When Jerry Garcia the front man for the Grateful Dead past away in 1995, he left behind a collection of custom guitars to Douglas Irwin (the man who created them).
However the rest of the band members of the Grateful Dead did not agree with this. The band argued that all the band instruments were owned as a collective, including Jerry's guitars. This situation was argued after Jerry's death and became an inconvenienced to all parties involved. Douglas Irwin, who built the guitars was forced to file suit to take possession of the guitars. In the long run, the parties reached an agreement and Irwin received Two of the guitars. Later Irwin, who had fallen on hard times, sold both of these guitars.
Fighting over a decedent's possessions is not uncommon, we constantly see cases such as these on a yearly basis. Maybe they are not as specific as guitars, however we all have personal items that contain sentimental value and we cherish. Siblings usually have to arrive to a point where they have to discuss a deceased mother's personal belonging such as an engagement ring, TV, or a favorite coat. Usually one will say these items were gifted to them a year prior, but the other sibling also has equal claim to it. Their mother's will hasn't even been read and trouble is already brewing.
While items such as china, jewelry and photo albums may not be worth nearly as much as Jerry Garcia's iconic guitars, their sentimental value to family members may be incalculable. Arguments over these items might not reach the courtroom, but they could still add to the family's stress in an already difficult time and lead to hard feelings that may never be resolved.
It's not difficult to craft an estate plan that leaves no room for debate, however. Here are three tips to avoid disputes over who gets what:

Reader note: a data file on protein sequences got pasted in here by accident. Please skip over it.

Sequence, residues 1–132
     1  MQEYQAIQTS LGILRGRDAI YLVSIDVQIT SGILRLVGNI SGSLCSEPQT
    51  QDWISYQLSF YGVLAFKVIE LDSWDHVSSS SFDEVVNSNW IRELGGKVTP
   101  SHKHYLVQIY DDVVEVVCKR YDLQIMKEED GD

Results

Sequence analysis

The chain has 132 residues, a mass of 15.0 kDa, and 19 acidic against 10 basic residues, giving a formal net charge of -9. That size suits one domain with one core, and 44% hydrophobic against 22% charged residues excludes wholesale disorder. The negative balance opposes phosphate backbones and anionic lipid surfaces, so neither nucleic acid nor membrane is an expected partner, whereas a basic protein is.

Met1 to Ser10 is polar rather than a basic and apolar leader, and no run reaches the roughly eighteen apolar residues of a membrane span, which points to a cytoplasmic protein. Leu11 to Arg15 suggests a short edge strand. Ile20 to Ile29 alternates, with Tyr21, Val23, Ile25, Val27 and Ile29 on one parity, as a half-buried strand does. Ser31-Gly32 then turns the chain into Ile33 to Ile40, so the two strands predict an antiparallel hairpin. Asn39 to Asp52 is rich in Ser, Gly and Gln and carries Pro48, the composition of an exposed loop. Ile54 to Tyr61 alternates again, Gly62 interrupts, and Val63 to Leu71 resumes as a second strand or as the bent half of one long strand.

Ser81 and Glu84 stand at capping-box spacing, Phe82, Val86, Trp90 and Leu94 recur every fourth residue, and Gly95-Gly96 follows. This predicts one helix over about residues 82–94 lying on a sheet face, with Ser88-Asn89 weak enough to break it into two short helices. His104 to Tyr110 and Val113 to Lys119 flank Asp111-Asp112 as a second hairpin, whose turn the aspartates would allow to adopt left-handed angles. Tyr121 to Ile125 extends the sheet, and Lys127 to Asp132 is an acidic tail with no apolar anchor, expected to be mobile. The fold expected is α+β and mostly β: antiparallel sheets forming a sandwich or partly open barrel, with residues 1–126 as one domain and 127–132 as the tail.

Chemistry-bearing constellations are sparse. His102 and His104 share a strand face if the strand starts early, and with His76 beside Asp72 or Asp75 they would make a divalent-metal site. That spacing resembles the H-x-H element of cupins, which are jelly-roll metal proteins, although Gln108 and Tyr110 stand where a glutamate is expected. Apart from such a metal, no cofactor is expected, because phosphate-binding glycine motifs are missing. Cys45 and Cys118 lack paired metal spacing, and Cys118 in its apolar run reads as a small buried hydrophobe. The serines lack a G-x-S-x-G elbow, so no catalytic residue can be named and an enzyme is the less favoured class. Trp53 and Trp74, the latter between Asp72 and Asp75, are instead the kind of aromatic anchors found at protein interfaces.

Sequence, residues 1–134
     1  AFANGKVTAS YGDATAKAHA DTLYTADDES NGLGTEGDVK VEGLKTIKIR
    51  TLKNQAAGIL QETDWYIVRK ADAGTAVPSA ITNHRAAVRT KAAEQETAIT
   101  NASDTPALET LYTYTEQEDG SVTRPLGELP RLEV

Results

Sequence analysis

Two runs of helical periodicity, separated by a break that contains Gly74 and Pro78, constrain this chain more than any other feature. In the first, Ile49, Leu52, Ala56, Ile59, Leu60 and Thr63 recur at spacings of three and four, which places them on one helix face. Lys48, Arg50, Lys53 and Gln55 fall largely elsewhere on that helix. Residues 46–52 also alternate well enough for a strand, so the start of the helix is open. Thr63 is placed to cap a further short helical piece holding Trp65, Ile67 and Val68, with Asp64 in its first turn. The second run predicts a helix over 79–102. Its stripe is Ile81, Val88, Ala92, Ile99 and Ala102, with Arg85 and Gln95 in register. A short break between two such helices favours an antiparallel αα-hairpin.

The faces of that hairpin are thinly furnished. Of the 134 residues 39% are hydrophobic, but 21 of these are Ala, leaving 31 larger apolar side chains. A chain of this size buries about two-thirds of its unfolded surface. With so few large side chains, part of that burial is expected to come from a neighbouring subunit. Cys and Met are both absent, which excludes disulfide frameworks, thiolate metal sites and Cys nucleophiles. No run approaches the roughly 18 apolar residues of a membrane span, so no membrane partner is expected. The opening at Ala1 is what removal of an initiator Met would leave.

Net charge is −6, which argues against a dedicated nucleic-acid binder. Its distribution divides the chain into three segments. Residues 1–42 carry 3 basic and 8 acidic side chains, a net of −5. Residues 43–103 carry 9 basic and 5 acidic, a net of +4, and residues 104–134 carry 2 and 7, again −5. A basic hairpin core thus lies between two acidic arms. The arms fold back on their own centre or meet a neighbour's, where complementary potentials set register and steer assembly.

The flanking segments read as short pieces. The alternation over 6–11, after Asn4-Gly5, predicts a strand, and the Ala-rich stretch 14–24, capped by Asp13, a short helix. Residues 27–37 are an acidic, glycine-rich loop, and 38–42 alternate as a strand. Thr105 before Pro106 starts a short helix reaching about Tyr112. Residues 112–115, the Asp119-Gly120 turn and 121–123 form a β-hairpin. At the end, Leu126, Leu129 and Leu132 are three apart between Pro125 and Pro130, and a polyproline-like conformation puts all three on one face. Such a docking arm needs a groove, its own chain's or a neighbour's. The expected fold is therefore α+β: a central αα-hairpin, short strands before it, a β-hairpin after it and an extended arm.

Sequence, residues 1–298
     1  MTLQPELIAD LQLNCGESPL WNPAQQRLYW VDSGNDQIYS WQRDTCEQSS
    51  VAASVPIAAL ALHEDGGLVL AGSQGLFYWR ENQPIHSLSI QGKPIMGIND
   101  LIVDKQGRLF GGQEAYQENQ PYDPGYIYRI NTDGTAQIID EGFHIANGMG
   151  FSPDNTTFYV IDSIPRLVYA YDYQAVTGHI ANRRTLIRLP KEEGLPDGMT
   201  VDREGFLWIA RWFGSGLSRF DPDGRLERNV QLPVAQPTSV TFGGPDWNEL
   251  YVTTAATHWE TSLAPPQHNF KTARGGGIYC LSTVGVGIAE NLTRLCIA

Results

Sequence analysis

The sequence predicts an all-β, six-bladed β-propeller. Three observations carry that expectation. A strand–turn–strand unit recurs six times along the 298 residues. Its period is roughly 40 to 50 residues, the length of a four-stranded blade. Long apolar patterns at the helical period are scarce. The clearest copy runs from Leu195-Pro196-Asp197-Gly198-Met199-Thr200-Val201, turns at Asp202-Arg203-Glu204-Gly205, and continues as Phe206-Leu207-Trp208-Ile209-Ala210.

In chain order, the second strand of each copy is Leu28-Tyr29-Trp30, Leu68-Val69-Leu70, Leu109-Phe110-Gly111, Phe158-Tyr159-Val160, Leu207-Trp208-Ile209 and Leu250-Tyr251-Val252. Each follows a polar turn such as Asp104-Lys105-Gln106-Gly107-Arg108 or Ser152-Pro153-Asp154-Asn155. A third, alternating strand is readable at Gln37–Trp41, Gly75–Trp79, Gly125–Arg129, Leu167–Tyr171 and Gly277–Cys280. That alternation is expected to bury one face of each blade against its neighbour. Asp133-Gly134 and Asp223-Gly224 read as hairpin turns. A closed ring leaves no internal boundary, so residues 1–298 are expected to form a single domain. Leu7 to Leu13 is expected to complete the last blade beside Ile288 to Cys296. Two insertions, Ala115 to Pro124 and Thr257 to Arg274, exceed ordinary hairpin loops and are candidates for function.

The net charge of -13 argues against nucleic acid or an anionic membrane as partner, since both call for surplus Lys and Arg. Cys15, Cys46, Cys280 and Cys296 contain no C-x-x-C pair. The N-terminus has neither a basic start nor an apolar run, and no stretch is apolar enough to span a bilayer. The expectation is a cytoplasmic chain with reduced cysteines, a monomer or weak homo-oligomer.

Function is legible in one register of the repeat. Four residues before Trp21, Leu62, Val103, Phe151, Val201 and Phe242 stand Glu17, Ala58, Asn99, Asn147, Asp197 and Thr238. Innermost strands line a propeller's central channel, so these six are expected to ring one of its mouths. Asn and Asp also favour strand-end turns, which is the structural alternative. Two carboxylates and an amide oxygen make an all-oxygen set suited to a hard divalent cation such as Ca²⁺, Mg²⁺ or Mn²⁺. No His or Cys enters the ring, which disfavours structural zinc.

- Be specific. Don't leave the disposition of family heirlooms to chance — or a judge. Most wills have a standard clause that leaves the distribution of tangible personal property up to the executor to divide among the beneficiaries. When families get along well, this usually isn't a problem. But when the heirs aren't on the same page, this clause opens the door to litigation. Every item in the will should be named, described and left to a named beneficiary. Some states allow the use of a separate memorandum that can be edited to add new items without having to call a lawyer and sign a codicil to the will. It is very important to be very specific always.
- Have the will reviewed periodically. Life is not stagnant. Changes may occur in the law — and in your wealth, health, intentions or family structure. Keeping the estate plan current is an important part of keeping the peace, so you and your advisers should periodically review your estate plan.
- Choose a level-headed executor. Your favorite sibling may not always be the most responsible person and you shouldn't make it personal. It's up to the executor to distribute the bequests to the beneficiaries and address any disputes. An executor with good communication and diplomacy skills can help defuse disagreements and tense situations, which can go a long way to keeping disputes out of court.
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